Great photo of a humpback whales lunge feeding but not completely successful. Your guide does not look for herring which is the main food of the humpbacks in Grizzly Bear Lodge’s whale watching area rather we look for seagulls. The diving ducks feed on the herring, which form a tight ball to avoid being eaten. The herring balls are forced toward the surface by the ducks and this attracts the gulls, which attract the guides. We position the boats near the gulls and herring balls and wait for the humpback whales. Not all quests manage to get a photo as the waiting game does predict the exact time the lunge will occur but the experience is better than the picture.
In our area we have two types of Orca. We have the residents and the Biggs (aka transient). Although quite similar in size and appearance their behaviour is quite different. The resident Orca show up in the summer and usually remain in the area until the fall. The Residents feed exclusively on fish, and enter the area to feed on salmon. Their primary food source is the chinook salmon, which is the largest of the 5 species. To a lesser extend they also feed on other types of salmon, lingcod, squid and various other species of fish. They will never feed on marine mammals and despite their name tend to leave the area during the winter months. They are very social and often vocalise. On the other hand the Biggs can be spotted year-round. They feed on marine mammals with harbour seals (like the ones in the picture) being their main food source, although propose, dolphins, sea lions and otters are also commonly on the menu. These animals are much “stealthier”, traveling quickly and vocalising much less. This is because they are on the hunt for mammals which can detect their calls. The Biggs below circled this particular rock several times, but in this case were unsuccessful in catching a seal off guard.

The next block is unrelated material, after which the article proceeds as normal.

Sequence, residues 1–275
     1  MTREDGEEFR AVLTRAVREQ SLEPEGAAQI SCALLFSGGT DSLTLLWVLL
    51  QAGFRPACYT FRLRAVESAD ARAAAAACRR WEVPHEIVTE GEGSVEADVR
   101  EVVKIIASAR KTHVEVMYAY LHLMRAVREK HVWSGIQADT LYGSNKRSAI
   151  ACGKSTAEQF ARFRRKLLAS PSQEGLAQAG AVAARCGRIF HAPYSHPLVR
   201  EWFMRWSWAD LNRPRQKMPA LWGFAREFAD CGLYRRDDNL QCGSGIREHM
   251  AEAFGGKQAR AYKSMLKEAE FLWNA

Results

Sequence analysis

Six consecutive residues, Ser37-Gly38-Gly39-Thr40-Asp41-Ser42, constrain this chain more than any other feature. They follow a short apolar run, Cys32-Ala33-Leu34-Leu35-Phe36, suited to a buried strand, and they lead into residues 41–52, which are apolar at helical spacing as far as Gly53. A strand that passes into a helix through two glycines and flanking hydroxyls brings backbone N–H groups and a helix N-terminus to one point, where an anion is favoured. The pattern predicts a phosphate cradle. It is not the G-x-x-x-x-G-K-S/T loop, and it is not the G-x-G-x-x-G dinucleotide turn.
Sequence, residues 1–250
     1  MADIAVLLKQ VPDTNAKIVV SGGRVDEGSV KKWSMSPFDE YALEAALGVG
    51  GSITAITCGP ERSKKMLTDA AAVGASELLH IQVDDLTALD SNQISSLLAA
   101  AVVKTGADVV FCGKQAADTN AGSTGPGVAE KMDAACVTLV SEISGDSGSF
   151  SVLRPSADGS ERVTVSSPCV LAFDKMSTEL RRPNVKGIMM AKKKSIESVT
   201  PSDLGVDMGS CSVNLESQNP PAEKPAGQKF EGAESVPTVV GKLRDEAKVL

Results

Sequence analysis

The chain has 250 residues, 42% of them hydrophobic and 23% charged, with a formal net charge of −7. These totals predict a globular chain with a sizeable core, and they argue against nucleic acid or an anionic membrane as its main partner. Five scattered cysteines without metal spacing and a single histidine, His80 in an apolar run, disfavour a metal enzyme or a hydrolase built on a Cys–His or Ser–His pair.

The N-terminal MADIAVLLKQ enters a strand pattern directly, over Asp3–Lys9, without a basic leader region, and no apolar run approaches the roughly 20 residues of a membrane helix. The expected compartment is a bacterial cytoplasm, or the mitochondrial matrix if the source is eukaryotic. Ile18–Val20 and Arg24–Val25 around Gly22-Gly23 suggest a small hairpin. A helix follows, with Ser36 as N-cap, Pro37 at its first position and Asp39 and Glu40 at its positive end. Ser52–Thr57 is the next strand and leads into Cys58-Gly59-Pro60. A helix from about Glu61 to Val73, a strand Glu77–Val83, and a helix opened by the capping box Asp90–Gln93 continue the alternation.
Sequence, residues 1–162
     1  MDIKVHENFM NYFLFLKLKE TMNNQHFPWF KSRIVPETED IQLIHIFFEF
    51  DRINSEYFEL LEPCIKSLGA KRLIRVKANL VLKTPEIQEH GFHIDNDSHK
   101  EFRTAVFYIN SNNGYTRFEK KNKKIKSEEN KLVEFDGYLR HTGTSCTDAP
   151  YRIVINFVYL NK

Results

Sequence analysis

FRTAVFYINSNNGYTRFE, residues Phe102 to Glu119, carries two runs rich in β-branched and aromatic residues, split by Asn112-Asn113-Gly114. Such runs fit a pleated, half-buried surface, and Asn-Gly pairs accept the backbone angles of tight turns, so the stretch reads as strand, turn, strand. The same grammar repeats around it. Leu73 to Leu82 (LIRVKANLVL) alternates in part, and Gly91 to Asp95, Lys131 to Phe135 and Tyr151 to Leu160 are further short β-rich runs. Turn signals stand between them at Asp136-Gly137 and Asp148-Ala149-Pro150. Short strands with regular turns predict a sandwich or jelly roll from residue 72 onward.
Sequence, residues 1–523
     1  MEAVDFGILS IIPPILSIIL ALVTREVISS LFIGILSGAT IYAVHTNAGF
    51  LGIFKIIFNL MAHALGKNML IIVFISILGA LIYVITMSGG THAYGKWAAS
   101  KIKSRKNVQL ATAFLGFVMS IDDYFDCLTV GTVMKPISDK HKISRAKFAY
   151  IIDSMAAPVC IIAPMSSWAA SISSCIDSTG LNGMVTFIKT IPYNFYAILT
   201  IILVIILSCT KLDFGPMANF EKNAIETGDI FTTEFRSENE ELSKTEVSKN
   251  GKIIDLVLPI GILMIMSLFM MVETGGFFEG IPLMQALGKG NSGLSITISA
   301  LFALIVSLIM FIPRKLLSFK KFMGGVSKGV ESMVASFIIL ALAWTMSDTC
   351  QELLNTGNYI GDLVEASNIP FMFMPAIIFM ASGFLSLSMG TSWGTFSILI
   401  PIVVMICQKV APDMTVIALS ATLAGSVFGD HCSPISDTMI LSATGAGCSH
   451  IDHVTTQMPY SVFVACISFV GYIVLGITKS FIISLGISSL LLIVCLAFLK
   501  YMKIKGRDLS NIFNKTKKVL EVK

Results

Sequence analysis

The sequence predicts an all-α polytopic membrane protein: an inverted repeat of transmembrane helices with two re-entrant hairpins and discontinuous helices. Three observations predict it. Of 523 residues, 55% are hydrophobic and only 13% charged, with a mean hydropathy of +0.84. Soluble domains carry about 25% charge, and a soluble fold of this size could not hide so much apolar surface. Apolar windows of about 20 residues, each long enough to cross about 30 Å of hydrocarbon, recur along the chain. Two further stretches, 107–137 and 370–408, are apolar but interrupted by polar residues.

The Biggs Orca were named after Dr. Micheal Bigg who pioneered Orca research in the area. He realised that individual whales can be identified by their dorsal fin and saddle patch. This led to the creation of a thorough catalogue of animals and their family structures, which are organised by clans, pods and matrilines.